News | Amicus Briefs

CSLDF Stands Up in Court for University Researchers Targeted By Lawsuit

Last Friday, the Climate Science Legal Defense Fund submitted an amicus, or “friend of the court,” brief in a case with important implications for scientists and other academics who work on climate change issues.

The lawsuit was filed by a special interest group called Government Accountability & Oversight, P.C. (GAO); GAO has ties to the coal industry and has a history of disputing and undermining climate science and climate policy solutions. Here, GAO targeted UCLA Professors Ann Carlson and Cara Horowitz, who work at UCLA Law’s Emmett Institute on Climate Change, because of their work to develop potential legal theories for climate litigations.

Using the California Public Records Act, GAO has spent years trying to review the correspondence of these two faculty members, while suggesting that their climate litigation research might somehow be inappropriate. Although the University produced thousands of pages of documents in response to GAO, GAO filed suit to attempt to compel the production of additional records.

As we argue to the court in our pending amicus brief, GAO v. Regents of the University of California is part of a broader trend driven by those who oppose regulation of greenhouse gases, as well as research that might support such regulations. These opponents frequently use open records laws to try to obtain the private communications of scientists and other academics at public universities who work on these issues. The underlying intent is to make climate research and climate progress more difficult and less effective.

This case is highly reminiscent of previous attempts by coal-funded groups obtain the emails of climate scientist Dr. Michael Mann from his time on the faculty at the University of Virginia, and of climate scientists Drs. Malcolm Hughes and Jonathan Overpeck while they were both at the University of Arizona.

Open records laws have a noble goal to provide transparency into how government funds are spent, but these laws are frequently misapplied towards scientific and academic research conducted at public universities (even if the research itself is privately funded). Weaponizing open records laws to target academic researchers, scientific or otherwise, does little to contribute to public understanding of government activities—the ostensible and laudable purpose of open records laws—since university professors do not serve in a representative capacity or have any authority to set public policy. Meanwhile, any research results are generally already publicly available, as reflected by the “publish or perish” mantra of academia.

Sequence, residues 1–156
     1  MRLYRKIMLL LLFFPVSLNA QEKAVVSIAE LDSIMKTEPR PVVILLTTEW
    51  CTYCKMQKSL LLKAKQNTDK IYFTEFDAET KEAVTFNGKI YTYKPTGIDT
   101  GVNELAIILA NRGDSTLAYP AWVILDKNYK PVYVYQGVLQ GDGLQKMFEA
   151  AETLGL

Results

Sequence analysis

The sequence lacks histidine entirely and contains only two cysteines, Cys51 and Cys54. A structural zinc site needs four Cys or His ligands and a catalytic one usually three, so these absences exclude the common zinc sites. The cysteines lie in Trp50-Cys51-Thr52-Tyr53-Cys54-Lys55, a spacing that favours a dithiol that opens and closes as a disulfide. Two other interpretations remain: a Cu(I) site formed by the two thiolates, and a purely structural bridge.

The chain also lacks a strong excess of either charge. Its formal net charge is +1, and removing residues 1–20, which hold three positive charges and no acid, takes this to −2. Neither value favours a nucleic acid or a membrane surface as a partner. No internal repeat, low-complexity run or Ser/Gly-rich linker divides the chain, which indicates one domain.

Open records lawsuits against academics appear, rather, to constitute a concerted effort to intimidate and silence researchers whose work endangers fossil fuel interests, and to discourage others who might consider pursuing similar work.

Moreover, public disclosure of confidential faculty communications—particularly when they relate to prepublication research—inevitably chills academic inquiry and discourse. It ultimately harms the interests of public universities by making it harder to attract top talent, and by making potential outside collaborators less willing to work with university faculty for fear their correspondence or intellectual property may be made public. Furthermore, the harassing nature of these open records requests diverts significant faculty time and resources that could have been put to more productive use, such as advancing research or mentoring students.

Although it is California’s Public Records Act that is at issue in GAO v. Regents of the University of California, it is likely that the outcome will either encourage or discourage similar actions against universities in other states (every state has its own version of California’s open records law, and we have analyzed all of them here).

We hope that the court will deny GAO’s petition and institute protections to prevent other attempts to weaponize open records laws against important research.

Read our amicus brief here, which is currently under consideration by the court. Many thanks to the law firms MoloLamken LLP and Fenwick & West LLP for their tremendous assistance in this case.

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